UNAIDS: How HIV treatment numbers are shown to be accurate

Estimating how many people living with HIV are on treatment is vital to keeping track of the success or otherwise of the global AIDS response. HIV treatment not only keeps people alive, but, through reducing the viral load of a person, greatly reduces the chance that a person living with HIV will transmit the virus to someone else.

UNAIDS published its latest estimates of the number of people living with HIV accessing antiretroviral therapy in its new report, Miles to go. An estimated 21.7 million [19.1–22.6 million] people of the 36.9 million [31.1–43.9 million] people living with HIV at the end of 2017 were on HIV treatment.

A total of 143 countries submitted the data that UNAIDS used to compile the estimate, representing 91% of all people estimated to be on treatment worldwide. Those 143 countries supply actual counts of people on treatment, not estimates, although estimates are used for those few countries that do not supply counts. Countries report their numbers of people on treatment—both adults and children, disaggregated by sex—through the Global AIDS Monitoring tool every six months. Similar data are included in the Spectrum epidemiological estimation software.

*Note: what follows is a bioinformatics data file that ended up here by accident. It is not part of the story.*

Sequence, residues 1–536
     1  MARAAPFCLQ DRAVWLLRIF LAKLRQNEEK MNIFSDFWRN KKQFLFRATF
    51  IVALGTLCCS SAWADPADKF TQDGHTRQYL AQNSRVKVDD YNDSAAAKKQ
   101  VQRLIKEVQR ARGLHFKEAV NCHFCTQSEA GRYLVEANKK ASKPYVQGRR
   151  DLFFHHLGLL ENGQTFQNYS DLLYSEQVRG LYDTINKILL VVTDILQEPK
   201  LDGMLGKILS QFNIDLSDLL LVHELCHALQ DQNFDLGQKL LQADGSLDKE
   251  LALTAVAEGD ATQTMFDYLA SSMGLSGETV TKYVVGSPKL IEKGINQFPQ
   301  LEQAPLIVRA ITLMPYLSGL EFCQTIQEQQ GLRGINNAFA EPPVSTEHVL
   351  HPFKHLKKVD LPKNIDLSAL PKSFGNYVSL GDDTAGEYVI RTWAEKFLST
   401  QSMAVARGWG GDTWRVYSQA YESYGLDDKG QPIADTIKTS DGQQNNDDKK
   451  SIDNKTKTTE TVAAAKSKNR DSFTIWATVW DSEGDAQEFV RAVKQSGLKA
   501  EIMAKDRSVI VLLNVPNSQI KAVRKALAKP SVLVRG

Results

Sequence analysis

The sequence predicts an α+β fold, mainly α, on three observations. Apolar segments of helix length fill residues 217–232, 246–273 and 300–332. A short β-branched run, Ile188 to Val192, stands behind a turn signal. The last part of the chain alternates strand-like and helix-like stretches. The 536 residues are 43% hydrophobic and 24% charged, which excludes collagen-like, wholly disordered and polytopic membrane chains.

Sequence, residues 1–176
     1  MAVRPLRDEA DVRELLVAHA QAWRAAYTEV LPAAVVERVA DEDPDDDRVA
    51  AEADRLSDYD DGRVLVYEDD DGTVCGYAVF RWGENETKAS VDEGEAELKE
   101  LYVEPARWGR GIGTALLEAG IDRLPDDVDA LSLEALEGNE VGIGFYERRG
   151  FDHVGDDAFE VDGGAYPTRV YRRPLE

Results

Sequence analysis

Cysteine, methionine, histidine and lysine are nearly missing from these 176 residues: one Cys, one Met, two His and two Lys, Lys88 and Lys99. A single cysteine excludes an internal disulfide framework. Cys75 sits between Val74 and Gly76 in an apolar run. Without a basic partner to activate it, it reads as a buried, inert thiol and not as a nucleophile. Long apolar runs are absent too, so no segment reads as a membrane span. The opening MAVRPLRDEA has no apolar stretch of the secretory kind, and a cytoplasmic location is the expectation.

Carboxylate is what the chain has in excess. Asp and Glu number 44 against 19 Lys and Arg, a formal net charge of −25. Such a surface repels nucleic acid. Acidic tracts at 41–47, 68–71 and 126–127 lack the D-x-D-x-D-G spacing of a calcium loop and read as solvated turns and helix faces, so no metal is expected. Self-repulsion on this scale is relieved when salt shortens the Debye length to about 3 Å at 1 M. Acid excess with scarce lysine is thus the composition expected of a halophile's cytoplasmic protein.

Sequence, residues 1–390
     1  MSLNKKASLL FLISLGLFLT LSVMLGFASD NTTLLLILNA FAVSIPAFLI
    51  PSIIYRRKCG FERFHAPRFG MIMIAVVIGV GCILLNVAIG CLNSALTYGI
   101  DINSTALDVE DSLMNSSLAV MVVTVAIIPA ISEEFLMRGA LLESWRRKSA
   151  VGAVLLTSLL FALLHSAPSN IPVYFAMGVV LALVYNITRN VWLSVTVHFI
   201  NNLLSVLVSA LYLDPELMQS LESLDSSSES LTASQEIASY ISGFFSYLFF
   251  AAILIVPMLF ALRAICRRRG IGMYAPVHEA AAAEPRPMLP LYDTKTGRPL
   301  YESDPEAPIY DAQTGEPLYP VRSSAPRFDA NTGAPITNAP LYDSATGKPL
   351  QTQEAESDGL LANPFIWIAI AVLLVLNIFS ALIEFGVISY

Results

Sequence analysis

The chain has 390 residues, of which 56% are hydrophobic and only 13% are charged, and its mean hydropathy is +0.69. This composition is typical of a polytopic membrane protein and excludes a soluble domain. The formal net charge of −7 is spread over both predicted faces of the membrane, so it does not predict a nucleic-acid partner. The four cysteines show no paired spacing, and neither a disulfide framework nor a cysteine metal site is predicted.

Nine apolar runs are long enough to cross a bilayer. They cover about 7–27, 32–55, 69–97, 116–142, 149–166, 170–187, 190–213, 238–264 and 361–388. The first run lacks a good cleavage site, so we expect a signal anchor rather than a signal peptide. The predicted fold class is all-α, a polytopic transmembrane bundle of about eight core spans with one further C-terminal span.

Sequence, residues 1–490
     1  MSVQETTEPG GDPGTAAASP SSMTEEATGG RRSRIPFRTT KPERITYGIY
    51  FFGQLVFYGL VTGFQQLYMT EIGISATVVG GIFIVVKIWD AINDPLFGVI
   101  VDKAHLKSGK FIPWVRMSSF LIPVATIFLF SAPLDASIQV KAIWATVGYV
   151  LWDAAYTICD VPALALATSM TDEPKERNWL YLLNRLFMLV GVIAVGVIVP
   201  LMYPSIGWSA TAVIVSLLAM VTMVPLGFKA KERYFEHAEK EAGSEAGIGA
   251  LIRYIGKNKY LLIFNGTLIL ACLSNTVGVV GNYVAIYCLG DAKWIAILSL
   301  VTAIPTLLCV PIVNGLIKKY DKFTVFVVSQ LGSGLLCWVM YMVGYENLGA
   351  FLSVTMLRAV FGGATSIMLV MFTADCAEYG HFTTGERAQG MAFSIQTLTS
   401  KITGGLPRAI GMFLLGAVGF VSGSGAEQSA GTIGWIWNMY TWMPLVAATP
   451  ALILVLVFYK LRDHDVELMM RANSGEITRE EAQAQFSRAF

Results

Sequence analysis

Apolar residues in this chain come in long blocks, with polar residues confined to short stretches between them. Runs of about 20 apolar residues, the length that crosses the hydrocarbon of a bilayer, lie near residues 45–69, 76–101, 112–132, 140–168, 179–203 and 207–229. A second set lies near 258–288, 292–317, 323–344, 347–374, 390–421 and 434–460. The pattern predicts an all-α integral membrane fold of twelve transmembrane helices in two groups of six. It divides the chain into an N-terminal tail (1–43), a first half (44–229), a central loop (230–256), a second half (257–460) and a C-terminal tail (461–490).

UNAIDS provides technical assistance and training to public health officials and clinical officers—the people who compile the numbers in the countries—to ensure that their reports on treatment coverage are accurate. In addition, every year, in partnership with the United Nations Children’s Fund, the World Health Organization and other partners that support the delivery of HIV treatment services, UNAIDS reviews and validates the treatment numbers reported through both the Global AIDS Monitoring tool and Spectrum. Read more via UNAIDS